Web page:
This has been adapted from a Berkeley Lab press release.
Three years ago, scientists at the University of Michigan discovered an artificial photosynthesis device made of silicon and gallium nitride (Si/GaN) that harnesses sunlight into carbon-free hydrogen for fuel cells with twice the efficiency and stability of some previous technologies.
Now, a team of Foundry users, working with staff, have uncovered a surprising, self-improving property in Si/GaN that contributes to the material’s highly efficient and stable performance in converting light and water into carbon-free hydrogen. Their findings, reported in the journal Nature Materials, could help radically accelerate the commercialization of artificial photosynthesis technologies and hydrogen fuel cells.
“Our discovery is a real game-changer,” said senior author Francesca Toma, a staff scientist in the Chemical Sciences Division at Berkeley Lab. Usually, materials in solar fuels systems degrade, become less stable and thus produce hydrogen less efficiently, she said. “But we discovered an unusual property in Si/GaN that somehow enables it to become more efficient and stable. I’ve never seen such stability.”
Previous artificial photosynthesis materials are either excellent light absorbers that lack durability; or they’re durable materials that lack light-absorption efficiency.
But silicon and gallium nitride are abundant and cheap materials that are widely used as semiconductors in everyday electronics such as LEDs (light-emitting diodes) and solar cells, said co-author Zetian Mi, a professor of electrical and computer engineering at the University of Michigan who invented Si/GaN artificial photosynthesis devices a decade ago.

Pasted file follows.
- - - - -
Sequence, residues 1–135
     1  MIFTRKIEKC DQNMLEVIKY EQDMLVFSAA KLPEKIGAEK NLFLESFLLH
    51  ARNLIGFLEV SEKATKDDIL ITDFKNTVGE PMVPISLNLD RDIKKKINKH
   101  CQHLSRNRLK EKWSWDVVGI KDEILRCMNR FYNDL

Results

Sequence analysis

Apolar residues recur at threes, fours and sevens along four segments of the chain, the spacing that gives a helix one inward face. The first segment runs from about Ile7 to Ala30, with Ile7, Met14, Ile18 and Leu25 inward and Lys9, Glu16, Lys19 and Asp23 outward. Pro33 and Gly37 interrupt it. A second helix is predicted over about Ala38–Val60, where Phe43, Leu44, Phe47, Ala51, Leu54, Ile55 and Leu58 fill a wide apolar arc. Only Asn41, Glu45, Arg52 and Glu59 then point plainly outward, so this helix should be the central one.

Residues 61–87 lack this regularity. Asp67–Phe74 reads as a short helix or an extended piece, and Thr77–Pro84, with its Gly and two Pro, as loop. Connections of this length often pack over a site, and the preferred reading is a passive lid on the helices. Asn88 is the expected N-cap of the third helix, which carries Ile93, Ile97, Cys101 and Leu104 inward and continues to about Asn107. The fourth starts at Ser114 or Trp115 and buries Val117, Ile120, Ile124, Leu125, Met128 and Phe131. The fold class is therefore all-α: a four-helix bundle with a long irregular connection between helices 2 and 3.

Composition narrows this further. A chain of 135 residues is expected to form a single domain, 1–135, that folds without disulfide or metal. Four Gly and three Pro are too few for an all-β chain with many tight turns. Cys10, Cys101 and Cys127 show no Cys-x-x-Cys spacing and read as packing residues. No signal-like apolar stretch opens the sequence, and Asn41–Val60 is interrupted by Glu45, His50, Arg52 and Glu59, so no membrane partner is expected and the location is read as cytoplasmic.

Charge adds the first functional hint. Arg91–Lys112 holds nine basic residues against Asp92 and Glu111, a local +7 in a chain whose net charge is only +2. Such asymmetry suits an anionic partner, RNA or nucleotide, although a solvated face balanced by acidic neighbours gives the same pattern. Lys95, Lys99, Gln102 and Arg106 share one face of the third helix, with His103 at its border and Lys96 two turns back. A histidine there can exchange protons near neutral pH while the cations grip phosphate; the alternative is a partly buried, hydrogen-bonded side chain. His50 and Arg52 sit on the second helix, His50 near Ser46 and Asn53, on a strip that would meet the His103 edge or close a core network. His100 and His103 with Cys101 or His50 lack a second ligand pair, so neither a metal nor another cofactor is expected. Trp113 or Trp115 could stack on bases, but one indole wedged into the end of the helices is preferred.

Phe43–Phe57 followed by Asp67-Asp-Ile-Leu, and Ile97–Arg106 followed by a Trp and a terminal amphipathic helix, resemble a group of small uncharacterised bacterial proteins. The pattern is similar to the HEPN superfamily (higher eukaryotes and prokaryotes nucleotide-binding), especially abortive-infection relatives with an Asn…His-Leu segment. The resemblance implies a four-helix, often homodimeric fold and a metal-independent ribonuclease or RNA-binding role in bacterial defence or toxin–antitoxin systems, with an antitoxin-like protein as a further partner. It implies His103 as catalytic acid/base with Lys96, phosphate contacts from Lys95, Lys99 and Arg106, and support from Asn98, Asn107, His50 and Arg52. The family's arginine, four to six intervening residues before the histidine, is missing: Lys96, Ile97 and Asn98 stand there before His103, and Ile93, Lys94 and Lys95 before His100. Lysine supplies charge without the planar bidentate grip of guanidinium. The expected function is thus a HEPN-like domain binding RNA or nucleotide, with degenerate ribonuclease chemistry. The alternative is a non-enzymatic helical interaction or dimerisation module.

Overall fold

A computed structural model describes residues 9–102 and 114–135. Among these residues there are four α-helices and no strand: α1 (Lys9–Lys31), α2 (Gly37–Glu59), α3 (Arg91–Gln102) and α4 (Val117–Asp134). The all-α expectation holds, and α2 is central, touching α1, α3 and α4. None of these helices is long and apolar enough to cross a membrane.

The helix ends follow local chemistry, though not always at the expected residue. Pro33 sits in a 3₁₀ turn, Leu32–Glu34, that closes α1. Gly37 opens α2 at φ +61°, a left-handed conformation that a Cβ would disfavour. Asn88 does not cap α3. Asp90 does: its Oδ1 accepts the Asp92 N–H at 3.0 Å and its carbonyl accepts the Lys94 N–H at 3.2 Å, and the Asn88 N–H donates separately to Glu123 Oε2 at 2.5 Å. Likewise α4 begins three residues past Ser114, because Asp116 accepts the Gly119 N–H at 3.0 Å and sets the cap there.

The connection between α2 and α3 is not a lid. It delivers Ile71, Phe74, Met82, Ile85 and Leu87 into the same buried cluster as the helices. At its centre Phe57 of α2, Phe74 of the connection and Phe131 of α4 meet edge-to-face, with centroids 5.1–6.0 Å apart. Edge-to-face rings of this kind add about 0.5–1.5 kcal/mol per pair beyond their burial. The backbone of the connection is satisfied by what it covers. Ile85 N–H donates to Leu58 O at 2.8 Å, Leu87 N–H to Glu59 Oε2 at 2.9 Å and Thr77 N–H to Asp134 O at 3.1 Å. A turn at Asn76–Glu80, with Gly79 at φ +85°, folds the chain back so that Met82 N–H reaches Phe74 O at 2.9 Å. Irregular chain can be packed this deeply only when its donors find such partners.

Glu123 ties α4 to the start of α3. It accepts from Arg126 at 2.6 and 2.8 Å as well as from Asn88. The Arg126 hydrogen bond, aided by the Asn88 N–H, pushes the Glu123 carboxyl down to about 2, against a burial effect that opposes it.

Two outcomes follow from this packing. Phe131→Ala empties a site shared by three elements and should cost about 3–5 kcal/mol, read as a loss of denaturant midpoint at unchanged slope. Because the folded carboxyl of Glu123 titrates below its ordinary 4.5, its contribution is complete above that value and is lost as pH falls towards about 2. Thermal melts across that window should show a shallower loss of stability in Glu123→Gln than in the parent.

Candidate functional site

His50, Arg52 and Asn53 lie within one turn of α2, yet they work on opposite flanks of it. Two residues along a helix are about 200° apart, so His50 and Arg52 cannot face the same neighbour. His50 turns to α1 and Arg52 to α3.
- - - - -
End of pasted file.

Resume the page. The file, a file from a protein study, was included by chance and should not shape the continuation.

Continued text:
The researchers carried out a photoconductive atomic force microscopy experiment at Toma’s lab to test how GaN photocathodes could efficiently convert absorbed photons into electrons, and then recruit those free electrons to split water into hydrogen, before the material started to degrade and become less stable and efficient.
They expected to see a steep decline in the material’s photon absorption efficiency and stability after just a few hours. To their astonishment, they observed a 2-3 orders of magnitude improvement in the material’s photocurrent coming from tiny facets along the “sidewall” of the GaN grain, Zeng said. Even more perplexing was that the material had increased its efficiency over time, even though the overall surface of the material didn’t change that much, Zeng said. “In other words, instead of getting worse, the material got better,” he said.
To gather more clues, the researchers used the scanning transmission electron microscopy (STEM) capabilities at the Foundry’s National Center for Electron Microscopy facility and angle-dependent X-ray photon spectroscopy (XPS) in the Imaging facility.
Those experiments revealed that a 1 nanometer layer mixed with gallium, nitrogen, and oxygen – or gallium oxynitride – had formed along some of the sidewalls. A chemical reaction had taken place, adding “active catalytic sites for hydrogen production reactions,” Toma said.
Looking ahead, Toma said that she and her team would like to test the Si/GaN photocathode in a water-splitting photoelectrochemical cell, and will experiment with similar materials to get a better understanding of how nitrides contribute to stability in artificial photosynthesis devices – which is something they never thought would be possible.
Read the full press release.